How Much Does My 401K Save Me In Taxes? Part 3

December 30, 2020

We think you’re with us a far as to how things breakdown, so we’re going to continue this example in summary form, as we did in Part 2.

Example 3: John and Erin

  • Time horizon until retirement: 12 years
  • Annual amount to save: $30,000 pre-tax
  • Vehicle: SEP IRA (retirement vehicle for self-employed people generally; same tax treatment as a 401K)
  • Combined federal and state tax-bracket: 35%
  • Assumed annual rate of return: 7.5%

Pre-retirement Snapshot

  • Annual $30,000 pre-tax deposit produces a “tax-savings” of $10,500 per year ($30,000 X 35% tax-bracket = $10,500)
  • Over 12 years, total tax-savings is $126,000
  • Retirement nest-egg grows to ~$600,000 at a 7.5% rate of return (after 12 years and a month)
  • John and Erin’s combined Social security income projection at retirement: $32,000/yr

Unlike the previous two examples, let’s assume John and Erin are comfortable spending down their nest-egg over retirement (a more common scenario that just living off the interest). They plan for a 25-year retirement. Let’s also lower their expected rate of return from 7.5% to 6.75% to be a bit more conservative in retirement. We’re changing things a bit so you can see that the principles we’ve been discussing remain relatively constant. We’ll keep the tax-bracket at 35%, even though taxes usually go up over time. Simplicity for the sake of the example.

Retirement Snapshot

  • SEP IRA nest-egg value: $600,000
  • Retirement rate of return: 6.75%
  • Retirement period: 25 years
  • Gross annual retirement income from SEP IRA: $50,000 (rounding down)
  • Taxes owed: $17,500 (35% tax-bracket)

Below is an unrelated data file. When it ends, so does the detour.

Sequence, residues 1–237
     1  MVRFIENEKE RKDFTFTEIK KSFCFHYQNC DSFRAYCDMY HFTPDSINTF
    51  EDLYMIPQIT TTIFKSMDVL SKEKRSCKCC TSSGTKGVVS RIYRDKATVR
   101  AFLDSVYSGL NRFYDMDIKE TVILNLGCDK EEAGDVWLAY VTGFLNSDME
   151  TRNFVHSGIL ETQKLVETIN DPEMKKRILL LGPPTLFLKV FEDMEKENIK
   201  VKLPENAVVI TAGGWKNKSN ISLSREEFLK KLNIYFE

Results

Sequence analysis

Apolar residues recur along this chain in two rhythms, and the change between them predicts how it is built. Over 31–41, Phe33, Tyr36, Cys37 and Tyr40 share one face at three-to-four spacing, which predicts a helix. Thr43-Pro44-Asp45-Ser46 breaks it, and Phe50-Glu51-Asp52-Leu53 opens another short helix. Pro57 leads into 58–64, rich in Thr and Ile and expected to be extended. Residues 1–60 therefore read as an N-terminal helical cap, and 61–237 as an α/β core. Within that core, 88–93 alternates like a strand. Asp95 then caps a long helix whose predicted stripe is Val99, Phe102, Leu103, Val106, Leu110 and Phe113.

• Net SEP IRA income: $37,500
  • Gross social security income: $32,000 (85%of which is taxable thanks to the SEP IRA qualifying as Provisional Income)
  • Net SSI: $22,480
  • Total annual net-retirement income (SEP IRA and SSI): $54,980
  • Total annual taxes owed (SEP and SSI): $27,020


  • John and Erin’s annual tax-savings: $10,500
  • Annual amount they repay the IRS: $27,020 (157% return in favor of the IRS)
  • Total tax-savings over 12-year pre-retirement period: $126,000
  • Total taxes paid over 25-year retirement: $675,500
  • Number of years to pay pack all 12 years of tax-savings ($126,000): 4.6
  • Additional taxes the IRS gained above tax-savings they provided: $549,500

After all this, you have to wonder why the plans like 401Ks, 403bs, SEP IRA, traditional lRAs, etc. are called "qualified plans." With whom do they qualify?

The IRS, of course.

We’re being a little cutesy here (qualified plans technically "qualify" under ERISA guidelines as retirement vehicles and are hence called "qualified," lest anyone should assume we don’t know that; the term "qualified plan" is loosely used to describe any pre-tax, tax-deferred vehicle by the industry at large even though that’s not technically correct), but we think you get it. Pre-tax vehicles are nice up front but can (and usually do) exact a terrible cost on the backside.

In the previous 3 examples, we were generous in our assumptions. For example, we did not assume that taxes went up. That’s kind of a crazy assumption. The numbers are even worse if we (rationally) did assume that. And if it is rational to assume that taxes will rise in the future (check out our national debt recently?), why are we enamored with savings taxes on the front end only to pay heaps more later?

Perhaps it’s because we are a fast-food society. Perhaps we are short-sighted. Perhaps the financial industry did a real number on the American public by beating the false idea into us that we will be in a lower tax-bracket in retirement—notice how that’s not really touted as heavily anymore? Yeah. It could be all these things and more, but we believe it’s more related to one thing:


Sometimes, we simply don’t know what we don’t know.

Read on to Part 4 for a little breath of fresh air using the example from Part 1 with Ryan and Jen and their retirement scenario.

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